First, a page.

Packed with suspense, adrenaline, high drama and unforgettable accounts by ex-Recces who experienced these adventures personally.
Die Slag van Cuito Cuanavale is al dekades lank 'n bron van hewige konflik en emosie, maar tot nou toe was min bekend oor die Recces se teenwoordigheid en impak tydens dié omstrede gevegte.
In hierdie laaste boek van die spanningsvolle trilogie oor 1 Recce onthul Alexander Strachan, bekroonde skrywer en self 'n oud-Recce, meer oor die Recces se betrokkenheid daar.
Propvol spanning, adrenalien, hoogdrama en onvergeetlike vertellings deur oud-Recces wat dié ervarings eerstehands beleef het.
This book celebrates the rich, varied and untold history of investigative journalism in southern Africa and the crucial role it has played in shaping the region over the last 300 years.
It tells of the escapades of those who exposed atrocities of the British colonial rulers, the seizure of land from black owners, apartheid death squads, prison conditions, farm labour, government and corporate corruption, environmental travesty and health issues. Young journalists who have previously studied the likes of the Watergate scandal will have access to African journalists who faced huge risks to expose the abuse of power, ranging from the undercover exploits of the legendary ‘Mr Drum’, through to the recent #Guptaleaks exposé, of which it was said, ‘Seldom have journalists played such a crucial role in bringing a country back from the brink.’ The book highlights the long record of accountability journalism in countries such as South Africa, Namibia and Zimbabwe, and the recent surge of such work in others such as Botswana and Malawi.
It breaks new ground in stretching the history of this type of journalism decades further back than previously recorded, including largely ignored work such as John Dube’s coverage of the Zulu Bambatha Rebellion and Richard Msimang’s documentation of the impact of land confiscation in the early 20th century.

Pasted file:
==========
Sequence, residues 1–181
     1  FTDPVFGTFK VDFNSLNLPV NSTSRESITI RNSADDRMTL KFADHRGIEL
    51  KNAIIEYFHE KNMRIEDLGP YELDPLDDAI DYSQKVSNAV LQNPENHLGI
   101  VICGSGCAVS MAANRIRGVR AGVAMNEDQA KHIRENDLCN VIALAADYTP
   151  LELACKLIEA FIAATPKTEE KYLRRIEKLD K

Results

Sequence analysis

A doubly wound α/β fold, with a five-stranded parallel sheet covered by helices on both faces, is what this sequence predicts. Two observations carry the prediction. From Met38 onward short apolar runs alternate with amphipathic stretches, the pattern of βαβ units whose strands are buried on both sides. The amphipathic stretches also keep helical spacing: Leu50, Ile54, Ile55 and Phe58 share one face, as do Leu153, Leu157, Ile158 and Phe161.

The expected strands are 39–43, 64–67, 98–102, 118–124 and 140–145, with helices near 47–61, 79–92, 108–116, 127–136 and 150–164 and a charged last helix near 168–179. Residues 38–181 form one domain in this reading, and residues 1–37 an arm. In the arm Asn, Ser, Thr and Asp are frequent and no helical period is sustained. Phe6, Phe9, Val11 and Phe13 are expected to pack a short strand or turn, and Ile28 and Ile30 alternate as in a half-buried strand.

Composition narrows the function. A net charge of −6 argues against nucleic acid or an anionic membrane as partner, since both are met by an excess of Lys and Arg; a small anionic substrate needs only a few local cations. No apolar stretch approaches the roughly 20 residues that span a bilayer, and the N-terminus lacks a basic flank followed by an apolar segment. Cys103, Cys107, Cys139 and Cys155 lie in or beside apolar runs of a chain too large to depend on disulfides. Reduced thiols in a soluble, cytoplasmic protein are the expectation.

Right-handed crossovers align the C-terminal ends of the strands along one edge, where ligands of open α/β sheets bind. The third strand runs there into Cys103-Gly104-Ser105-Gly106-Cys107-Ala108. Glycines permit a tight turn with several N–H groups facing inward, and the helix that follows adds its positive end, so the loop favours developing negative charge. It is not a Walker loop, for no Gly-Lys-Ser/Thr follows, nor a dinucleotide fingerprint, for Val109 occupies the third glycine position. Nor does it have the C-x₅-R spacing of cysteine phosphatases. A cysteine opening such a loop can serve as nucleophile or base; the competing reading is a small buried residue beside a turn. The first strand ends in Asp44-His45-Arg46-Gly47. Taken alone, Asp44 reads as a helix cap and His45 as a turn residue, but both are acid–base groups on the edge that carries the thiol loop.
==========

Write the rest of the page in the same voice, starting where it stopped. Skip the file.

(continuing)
The book includes an introduction by Anton Harber, editor and professor, and each case study is written up by an expert in the area.
How To Steal A Country describes the vertiginous decline in political leadership in South Africa from Mandela to Zuma and its terrible consequences. Robin Renwick’s account reads in parts like a novel – a crime novel – for Sherlock Holmes old adversary, Professor Moriarty, the erstwhile Napoleon of Crime, would have been impressed by the ingenuity, audacity and sheer scale of the looting of the public purse, let alone the impunity with which it has been accomplished.
Based on Renwick’s personal experiences of the main protagonists, it describes the extraordinary influence achieved by the Gupta family for those seeking to do business with state-owned enterprises in South Africa, and the massive amounts earned by Gupta related companies from their associations with them. The ensuing scandals have engulfed Bell Pottinger, KPMG, McKinsey and other multinationals. The primary responsibility for this looting of the state however, rests squarely with President Zuma and key members of his government. But South Africa has succeeded in establishing a genuinely non-racial society full of determined and enterprising people, offering genuine hope for the future. These include independent journalists, black and white, who refuse to be silenced, and the judges, who have acted with courage and independence.